Meghna Gulzaar’s Chhapaak, based on the real-life story of Laxmi Agarwal, an acid attack victim is showcased with utmost honesty. This honesty, however, comes with a cost. Gruesome visuals that will make you uncomfortable, score that will give you an eerie sense and a narrative that will make you sick in the stomach, but will make you vouch for the message at hand, without victim syndrome.

Before we see the first visual, we hear only one slogan, “We want Justice!”. The film opens with a protest for the Nirbhaya case in 2012. a protest, that in today’s day and age is a regular affair. Just like every protest, it has cops, and it ends with water guns and police lathi-charging the protestors. This is where we are first introduced to a grumpy activist Amol (Vikrant Massey), running an NGO for acid attack victims. The cynic, overbearing male in him says things like, “Rape ke aage acid attack kya cheez hai, lekin chacha samajhte nahi”, to a journalist friend who has seen him after a long long time.

Deepika Padukone plays Malti, a middle-class girl from Delhi, whose pleasantly ordinary life is wrecked by an acid attack. We see her for the first time, seven years after she has filed a PIL, and struggles to find a job. Very early on, director Meghna Gulzaar has made clear in the film the gaze with which one views Malti. The parlour lady denies her a job by giving her an excuse that one should look beautiful to work in a beauty parlour, while the corporate boss tries to ask her about her further studies, though only reason behind it being holding a conversation. 

A gruesome story of violence caused by a male may often lose its plot or urgency at the cost of the survivor. However, with Chhapaak, they find the right note. The director uses two different approaches to show these few things, intertwining them with each other at intervals. The romantic angle engulfed with slice of life drama along with the police procedural. Co-writers Meghna Gulzaar and Atika Chohan’s screenplay remains tight, but also plays out really smartly in establishing and empowering this narrative.

After establishing the characters, this film goes into the back story of our protagonist Malti (based on Laxmi Agarwal). It takes us back to the crime scene, where we see the uncomfortably gruesome act committed, and also its aftermath. The director, aided with the help of a beautifully intricate but eerie score, leaves no stones unturned whilst portraying the visuals of first, the attack, and also the traumatic aftermath faced by Malti. This segment will send chills down your spine, while making you uncomfortable flinching your eyelids off the screen. Gulzaar also smartly initiates the legal aspect of an acid attack with a great analogy of how our legal systems have the same penalty for both, throwing hot tea, or acid, thus neglecting the intensity of the crime, or graveness of the situation.

Years after the attack, Malti is seen working at an NGO, run by Amol. However, money is hard to come by and along with the job, she is also fighting a case and has filed a PIL against sale of acid, while also tending to a worried mother and sick brother. Malti, becomes the face of these acid attack victims, because unlike others before, she doesn’t succumb to societal pressure or gives in to the fact that court chaos and media lookout is a luxury only for the rich. This is also because she has more surgeries than the others, thanks to her father’s employer, who pays for them. This results in her face being less scarred than others, which also has been established, though just as a mere pass by in one of the scenes.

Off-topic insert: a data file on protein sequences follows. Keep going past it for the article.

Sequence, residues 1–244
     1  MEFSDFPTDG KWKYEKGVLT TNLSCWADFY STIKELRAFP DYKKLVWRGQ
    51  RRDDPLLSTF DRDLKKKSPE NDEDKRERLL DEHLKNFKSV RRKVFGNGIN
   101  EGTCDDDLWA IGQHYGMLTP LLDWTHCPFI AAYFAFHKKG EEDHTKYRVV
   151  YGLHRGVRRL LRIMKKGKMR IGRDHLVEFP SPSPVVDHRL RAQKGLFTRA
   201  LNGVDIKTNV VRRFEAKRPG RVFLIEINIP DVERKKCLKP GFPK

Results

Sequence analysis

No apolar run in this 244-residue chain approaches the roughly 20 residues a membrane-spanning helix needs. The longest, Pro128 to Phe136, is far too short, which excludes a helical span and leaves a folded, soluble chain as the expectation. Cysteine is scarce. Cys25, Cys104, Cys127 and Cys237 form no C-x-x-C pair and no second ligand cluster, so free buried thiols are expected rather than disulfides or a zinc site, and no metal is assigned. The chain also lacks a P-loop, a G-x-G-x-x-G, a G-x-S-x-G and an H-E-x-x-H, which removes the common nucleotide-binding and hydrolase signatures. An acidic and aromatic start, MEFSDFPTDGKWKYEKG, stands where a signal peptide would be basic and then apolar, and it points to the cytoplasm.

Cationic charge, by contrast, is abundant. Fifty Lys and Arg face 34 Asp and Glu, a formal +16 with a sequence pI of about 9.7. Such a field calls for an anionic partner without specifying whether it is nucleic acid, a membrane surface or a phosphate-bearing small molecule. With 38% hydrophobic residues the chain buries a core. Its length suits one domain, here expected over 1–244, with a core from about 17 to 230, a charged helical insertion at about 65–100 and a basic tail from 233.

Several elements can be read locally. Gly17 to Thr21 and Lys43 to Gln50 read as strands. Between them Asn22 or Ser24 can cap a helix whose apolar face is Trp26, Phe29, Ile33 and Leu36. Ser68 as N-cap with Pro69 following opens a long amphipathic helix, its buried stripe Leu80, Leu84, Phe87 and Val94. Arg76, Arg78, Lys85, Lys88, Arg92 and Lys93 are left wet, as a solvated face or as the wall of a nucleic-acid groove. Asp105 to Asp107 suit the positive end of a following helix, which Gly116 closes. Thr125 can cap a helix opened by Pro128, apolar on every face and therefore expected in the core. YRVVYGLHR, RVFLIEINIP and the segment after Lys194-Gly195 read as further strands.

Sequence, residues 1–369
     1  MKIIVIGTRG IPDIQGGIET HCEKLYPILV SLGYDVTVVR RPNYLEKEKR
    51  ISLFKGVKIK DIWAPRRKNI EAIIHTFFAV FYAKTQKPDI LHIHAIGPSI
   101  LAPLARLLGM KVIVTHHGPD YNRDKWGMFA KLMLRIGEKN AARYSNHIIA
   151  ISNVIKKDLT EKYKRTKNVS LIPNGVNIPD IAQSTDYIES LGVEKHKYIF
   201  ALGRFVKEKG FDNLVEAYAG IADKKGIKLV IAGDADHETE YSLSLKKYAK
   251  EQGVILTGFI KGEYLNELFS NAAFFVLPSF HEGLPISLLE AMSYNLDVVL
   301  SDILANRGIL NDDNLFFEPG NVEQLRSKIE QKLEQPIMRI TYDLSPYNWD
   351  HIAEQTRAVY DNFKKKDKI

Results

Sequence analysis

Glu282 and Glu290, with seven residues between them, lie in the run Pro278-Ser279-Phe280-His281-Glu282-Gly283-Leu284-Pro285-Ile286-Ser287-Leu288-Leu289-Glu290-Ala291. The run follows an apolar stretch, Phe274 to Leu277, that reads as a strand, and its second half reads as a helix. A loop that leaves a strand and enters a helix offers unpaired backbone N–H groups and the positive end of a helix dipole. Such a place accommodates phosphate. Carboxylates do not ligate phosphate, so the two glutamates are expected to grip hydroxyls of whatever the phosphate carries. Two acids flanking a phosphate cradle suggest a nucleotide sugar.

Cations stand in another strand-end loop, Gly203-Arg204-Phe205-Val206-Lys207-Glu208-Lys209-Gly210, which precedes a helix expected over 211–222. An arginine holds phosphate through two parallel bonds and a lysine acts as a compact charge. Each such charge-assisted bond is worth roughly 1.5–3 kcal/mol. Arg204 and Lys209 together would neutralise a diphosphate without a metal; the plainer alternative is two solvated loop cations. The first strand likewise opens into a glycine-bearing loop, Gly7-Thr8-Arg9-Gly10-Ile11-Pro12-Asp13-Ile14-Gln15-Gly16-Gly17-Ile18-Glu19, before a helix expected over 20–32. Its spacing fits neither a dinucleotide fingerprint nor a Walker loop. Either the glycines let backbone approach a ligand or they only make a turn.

Chhapaak has a few good things going for it, which overall aid to the bigger picture, making it such a painstakingly beautiful watch. It doesn’t focus on the “why?” aspect of the crime. The minute you think about that aspect, one automatically assumes something or the other for being the reason behind committing such a horrendous crime. This film is more about Malti, and her silent healing, while fighting to bring justice to not just herself, but other victims of this crime. With the help of her very solid lawyers, she turns the media spotlight into a window of opportunity on spreading awareness regarding the issue.

The writers have also brilliantly debunked the gender politics, so prominent in our society, in many ways. It calls out the male-saviour-complex in Massey’s occasionally overbearing character, which, on multiple occasions is made shut by the simplistic innocence of Malti. Even with Malti lawyer Archana (Madhurjeet Sarghi), it is shown how supporting her husband (Anand Tiwari) is with the family while she does her job. What makes it different is that it’s neither celebrated, nor looked down upon, it’s just stated as normal behaviour, as it should be. 

The music by the legendary music directors Shankar-Ehsaan-Loy, forming another ruthless partnership with lyricist Gulzaar, magnificently add onto this film with their melodies and heart touching poetry, putting another feather in Meghna Gulzaar’s crown. However, the film completely belongs to Deepika Padukone. An actress known for her elegance and period drama roles, proves her versatility with easily one of her best performances for years to come. She disappears into Malti. From horrors and screams on seeing a face she doesn’t identify with, to accepting it with warmth and channelling it into a fight for right, she transcends boundaries in never letting us realise she is anything more than Malti on screen.

With stellar performances, carefully crafted storylines, poignant lyrics and an unfiltered honesty, Meghna Gulzaar’s Chhapaak will take you on a journey which will seem uncomfortable and gruelling, but necessary for the future to look even remotely better.


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